Indeed, the IRS’s recent record of malfeasance matches that of the FBI.  Remember Lois Lerner, who targeted conservative and libertarian nonprofit organizations?  Naturally, she has managed to escape the federal government’s attention since her departure.  

How many of those 87,000 new IRS agents can we expect to target everyday Americans’ First Amendment freedoms in the manner of Ms. Lerner?  

Along with its drug price control provisions that will mean hundreds fewer new lifesaving pharmaceutical innovations over the next decade, this legislation is anything but an inflation reduction act.  

Future congressional and presidential candidates must commit to limiting and repealing this bill, lest what we witnessed this week in the FBI’s raid become commonplace.  

Quiz Question   
Which of the following Presidents replaced the traditional candles with electric lights on the White House Christmas tree?
More Questions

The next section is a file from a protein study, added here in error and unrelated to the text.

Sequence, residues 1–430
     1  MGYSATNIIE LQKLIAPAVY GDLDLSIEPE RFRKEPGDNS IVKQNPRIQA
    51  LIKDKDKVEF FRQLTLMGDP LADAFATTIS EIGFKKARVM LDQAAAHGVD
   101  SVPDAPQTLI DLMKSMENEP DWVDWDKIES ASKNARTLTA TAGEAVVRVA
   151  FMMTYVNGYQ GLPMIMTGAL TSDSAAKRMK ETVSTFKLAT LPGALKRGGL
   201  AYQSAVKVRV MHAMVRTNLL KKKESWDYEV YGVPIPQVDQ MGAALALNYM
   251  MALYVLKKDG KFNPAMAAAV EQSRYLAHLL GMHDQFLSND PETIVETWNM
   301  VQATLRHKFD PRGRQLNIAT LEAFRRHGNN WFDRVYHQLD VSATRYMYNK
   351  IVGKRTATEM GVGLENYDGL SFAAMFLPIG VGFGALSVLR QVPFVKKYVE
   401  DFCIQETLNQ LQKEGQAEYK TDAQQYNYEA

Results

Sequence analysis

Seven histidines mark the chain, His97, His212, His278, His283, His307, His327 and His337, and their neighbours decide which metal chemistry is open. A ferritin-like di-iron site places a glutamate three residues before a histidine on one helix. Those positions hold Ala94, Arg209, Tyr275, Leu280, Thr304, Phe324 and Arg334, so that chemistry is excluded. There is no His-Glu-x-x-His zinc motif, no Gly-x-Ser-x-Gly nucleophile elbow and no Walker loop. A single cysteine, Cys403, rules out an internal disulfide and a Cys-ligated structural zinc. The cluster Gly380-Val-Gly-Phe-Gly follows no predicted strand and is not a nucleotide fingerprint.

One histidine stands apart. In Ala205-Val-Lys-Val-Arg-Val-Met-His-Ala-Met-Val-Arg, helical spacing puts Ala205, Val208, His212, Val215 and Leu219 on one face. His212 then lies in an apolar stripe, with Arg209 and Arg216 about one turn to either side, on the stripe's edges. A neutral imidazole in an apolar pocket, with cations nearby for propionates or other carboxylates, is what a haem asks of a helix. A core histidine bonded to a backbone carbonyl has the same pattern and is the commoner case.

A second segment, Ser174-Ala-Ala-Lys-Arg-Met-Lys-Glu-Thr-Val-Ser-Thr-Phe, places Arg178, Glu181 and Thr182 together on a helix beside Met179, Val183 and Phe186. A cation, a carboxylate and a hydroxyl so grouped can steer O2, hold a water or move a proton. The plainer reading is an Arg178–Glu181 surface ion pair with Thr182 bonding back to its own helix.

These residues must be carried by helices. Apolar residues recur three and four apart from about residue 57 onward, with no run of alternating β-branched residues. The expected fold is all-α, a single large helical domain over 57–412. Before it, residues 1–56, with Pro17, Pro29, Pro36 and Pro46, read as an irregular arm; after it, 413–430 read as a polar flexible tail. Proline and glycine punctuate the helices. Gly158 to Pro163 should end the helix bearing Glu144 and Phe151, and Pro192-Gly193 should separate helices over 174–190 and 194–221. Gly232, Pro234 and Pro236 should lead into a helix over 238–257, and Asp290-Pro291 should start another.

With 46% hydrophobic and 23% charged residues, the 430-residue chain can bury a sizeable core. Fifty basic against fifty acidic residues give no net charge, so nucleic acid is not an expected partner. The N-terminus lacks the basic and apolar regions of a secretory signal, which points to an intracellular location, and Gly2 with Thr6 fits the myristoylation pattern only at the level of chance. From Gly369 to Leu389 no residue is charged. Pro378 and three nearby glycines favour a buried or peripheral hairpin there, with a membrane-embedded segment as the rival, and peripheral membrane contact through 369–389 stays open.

Notable Quote   
 
"This has been a year of watershed moments in real estate, and not the good kind. The Housing Market Index, a closely watched industry metric that gauges the outlook for home sales, declined to 33 in November on a hundred-point scale, its lowest level in a decade, save for the first dystopian month of the pandemic. Anything under 50 spells trouble. A month earlier, interest rates on a standard…[more]
 
 
—Daniel de Visé, The Hill
— Daniel de Visé, The Hill
 
Liberty Poll   

Congress is debating adding $45 billion more than requested to defense spending for 2023. Considering a fragile economy and geopolitical threats, do you support or oppose that increase?